Cystic Fibrosis
Cystic Fibrosis

Cystic Fibrosis Treatment

While there is not yet a cure for cystic fibrosis, advances in treatment are helping people live longer, healthier lives. To better manage your condition, you or your child will work with cystic fibrosis specialists. In newborns with a positive screening result, treatment may begin while the diagnosis is being confirmed. Treatment for cystic fibrosis is focused on airway clearance, medicines to improve the function of the faulty CFTR protein and prevent complications, and surgery, if needed.

Your healthcare team

Your healthcare team will likely include a cystic fibrosis specialist. This is a doctor who is familiar with the complex nature of cystic fibrosis. Your doctor may work with a medical team that specializes in cystic fibrosis, often at major medical centers.

The United States has more than 100 CF Care Centers, with medical teams that include:

  • Doctors specializing in the lungs, diabetes, and the digestive system
  • Genetic counselors
  • Nurses
  • Nutritionists and dietitians
  • Pharmacists
  • Physical therapists
  • Psychologists
  • Respiratory therapists
  • Social workers

Airway clearance techniques

Airway clearance techniques help loosen lung mucus so it can be cleared, reducing infections and improving breathing. The techniques include special ways of breathing and coughing, devices used by mouth and therapy vests that use vibrations to loosen mucus, and chest physical therapy. These techniques are often used along with medicines such as bronchodilators and mucus thinners.


Medicines to treat cystic fibrosis include those used to maintain and improve lung function, fight infections, clear mucus and help breathing, and work on the faulty CFTR protein.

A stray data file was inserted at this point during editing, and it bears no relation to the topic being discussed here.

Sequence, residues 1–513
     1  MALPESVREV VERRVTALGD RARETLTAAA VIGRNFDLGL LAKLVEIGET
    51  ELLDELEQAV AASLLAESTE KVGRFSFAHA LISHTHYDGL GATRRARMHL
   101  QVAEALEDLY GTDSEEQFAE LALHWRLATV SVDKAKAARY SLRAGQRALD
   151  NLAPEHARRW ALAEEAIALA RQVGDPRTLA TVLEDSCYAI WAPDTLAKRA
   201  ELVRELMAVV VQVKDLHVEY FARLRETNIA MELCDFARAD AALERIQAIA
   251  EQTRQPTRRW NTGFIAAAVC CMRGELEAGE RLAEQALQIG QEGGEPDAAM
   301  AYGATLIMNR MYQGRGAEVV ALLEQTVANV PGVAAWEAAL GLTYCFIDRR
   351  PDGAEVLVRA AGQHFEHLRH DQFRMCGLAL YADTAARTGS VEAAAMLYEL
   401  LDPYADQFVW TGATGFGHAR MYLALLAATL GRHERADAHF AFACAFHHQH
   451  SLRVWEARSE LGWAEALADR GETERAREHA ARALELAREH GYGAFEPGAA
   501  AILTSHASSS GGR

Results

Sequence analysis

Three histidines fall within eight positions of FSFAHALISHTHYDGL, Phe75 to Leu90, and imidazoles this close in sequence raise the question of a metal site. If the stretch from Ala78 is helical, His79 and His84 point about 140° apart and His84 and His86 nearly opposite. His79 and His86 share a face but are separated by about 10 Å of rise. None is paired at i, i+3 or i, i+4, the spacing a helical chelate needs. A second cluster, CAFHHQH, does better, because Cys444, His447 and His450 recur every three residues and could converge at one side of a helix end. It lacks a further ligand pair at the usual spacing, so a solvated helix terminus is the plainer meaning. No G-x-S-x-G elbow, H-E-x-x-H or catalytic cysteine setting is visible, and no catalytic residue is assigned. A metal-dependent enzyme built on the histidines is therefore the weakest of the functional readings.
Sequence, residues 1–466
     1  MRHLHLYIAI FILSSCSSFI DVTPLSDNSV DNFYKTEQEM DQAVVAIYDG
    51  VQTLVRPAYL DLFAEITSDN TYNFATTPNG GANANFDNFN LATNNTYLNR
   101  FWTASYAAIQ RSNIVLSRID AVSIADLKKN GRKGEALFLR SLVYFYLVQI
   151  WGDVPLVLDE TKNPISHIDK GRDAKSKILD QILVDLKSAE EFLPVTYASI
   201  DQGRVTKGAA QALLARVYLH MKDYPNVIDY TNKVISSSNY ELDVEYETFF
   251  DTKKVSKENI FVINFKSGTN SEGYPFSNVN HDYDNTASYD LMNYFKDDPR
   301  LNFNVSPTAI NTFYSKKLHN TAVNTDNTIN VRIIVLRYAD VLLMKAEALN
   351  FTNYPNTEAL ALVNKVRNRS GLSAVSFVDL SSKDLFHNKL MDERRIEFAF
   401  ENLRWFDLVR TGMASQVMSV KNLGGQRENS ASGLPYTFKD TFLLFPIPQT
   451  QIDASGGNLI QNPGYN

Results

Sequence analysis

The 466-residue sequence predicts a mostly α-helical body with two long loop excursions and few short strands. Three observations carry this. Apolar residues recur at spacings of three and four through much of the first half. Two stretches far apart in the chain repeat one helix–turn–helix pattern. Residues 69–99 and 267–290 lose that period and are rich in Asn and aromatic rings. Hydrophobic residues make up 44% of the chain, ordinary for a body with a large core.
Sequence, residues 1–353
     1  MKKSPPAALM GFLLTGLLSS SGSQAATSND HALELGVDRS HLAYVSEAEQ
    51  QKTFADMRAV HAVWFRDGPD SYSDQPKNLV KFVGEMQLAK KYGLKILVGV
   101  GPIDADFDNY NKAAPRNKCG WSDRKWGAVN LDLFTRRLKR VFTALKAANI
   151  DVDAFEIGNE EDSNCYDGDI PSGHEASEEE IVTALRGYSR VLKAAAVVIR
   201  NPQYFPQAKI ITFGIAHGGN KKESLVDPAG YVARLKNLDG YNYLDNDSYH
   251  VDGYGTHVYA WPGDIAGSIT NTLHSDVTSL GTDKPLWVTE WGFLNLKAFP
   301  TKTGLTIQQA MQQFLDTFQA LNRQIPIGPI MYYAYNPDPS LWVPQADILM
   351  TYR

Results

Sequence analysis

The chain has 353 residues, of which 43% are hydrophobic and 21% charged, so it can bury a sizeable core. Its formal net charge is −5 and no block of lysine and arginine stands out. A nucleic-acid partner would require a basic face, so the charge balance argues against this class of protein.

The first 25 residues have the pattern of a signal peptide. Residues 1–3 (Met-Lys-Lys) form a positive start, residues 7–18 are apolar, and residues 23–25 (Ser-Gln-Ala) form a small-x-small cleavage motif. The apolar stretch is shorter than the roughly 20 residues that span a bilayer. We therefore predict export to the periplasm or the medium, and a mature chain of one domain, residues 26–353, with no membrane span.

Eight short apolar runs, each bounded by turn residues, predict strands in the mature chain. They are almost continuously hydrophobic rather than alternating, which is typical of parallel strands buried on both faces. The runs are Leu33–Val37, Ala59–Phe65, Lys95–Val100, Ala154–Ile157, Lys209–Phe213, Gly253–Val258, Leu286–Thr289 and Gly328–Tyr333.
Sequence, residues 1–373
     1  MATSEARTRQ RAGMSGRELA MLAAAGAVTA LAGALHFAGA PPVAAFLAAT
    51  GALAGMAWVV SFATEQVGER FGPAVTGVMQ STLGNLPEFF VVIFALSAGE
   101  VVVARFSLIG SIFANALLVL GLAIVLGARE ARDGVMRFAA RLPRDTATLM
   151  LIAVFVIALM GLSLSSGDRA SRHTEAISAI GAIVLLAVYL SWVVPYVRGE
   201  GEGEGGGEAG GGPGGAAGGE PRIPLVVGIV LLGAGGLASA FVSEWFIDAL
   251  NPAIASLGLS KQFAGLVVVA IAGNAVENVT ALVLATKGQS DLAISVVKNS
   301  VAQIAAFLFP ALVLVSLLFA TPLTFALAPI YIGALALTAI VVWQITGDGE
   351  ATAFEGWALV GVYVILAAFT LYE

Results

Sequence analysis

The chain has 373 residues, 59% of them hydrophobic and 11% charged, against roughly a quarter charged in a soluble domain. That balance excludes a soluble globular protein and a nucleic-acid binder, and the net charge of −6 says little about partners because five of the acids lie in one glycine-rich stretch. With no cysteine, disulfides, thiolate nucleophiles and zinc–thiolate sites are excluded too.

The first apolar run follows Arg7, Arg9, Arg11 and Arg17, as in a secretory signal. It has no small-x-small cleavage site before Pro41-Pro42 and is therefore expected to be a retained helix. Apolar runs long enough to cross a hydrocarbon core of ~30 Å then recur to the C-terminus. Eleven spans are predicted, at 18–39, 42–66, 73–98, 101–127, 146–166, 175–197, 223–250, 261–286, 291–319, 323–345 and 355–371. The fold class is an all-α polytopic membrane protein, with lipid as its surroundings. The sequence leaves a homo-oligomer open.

• Antibiotics prevent or treat lung infections and improve lung function. Your doctor may prescribe oral, inhaled, or intravenous (IV) antibiotics.
  • Anti-inflammatory medicines, such as ibuprofen or corticosteroids, reduce inflammation. Inflammation causes many of the changes in cystic fibrosis, such as lung disease. Ibuprofen is especially beneficial for children, but side effects can include kidney and stomach problems. Corticosteroids can cause bone thinning and increased blood sugar and blood pressure.
  • Bronchodilators relax and open airways. These treatments are taken by inhaling them.
  • CFTR modulators improve the function of the faulty CFTR protein. They improve lung function and help prevent lung problems and other complications. Examples include ivacaftor and lumacaftor and a triple combination medicine (elexacaftor–tezacaftor–ivacaftor). The combination medicine is the first approved treatment that may help up to 90% of people who have cystic fibrosis. It is currently approved to use in adults and children older than 12 years.
  • Mucus thinners make it easier to clear the mucus from your airways. These treatments are taken by inhaling them.


Surgery may be an option for people with advanced conditions.

  • lung transplant may help people with advanced lung disease and respiratory failure.
  • A liver transplant may be an option for advanced liver disease such as cirrhosis.
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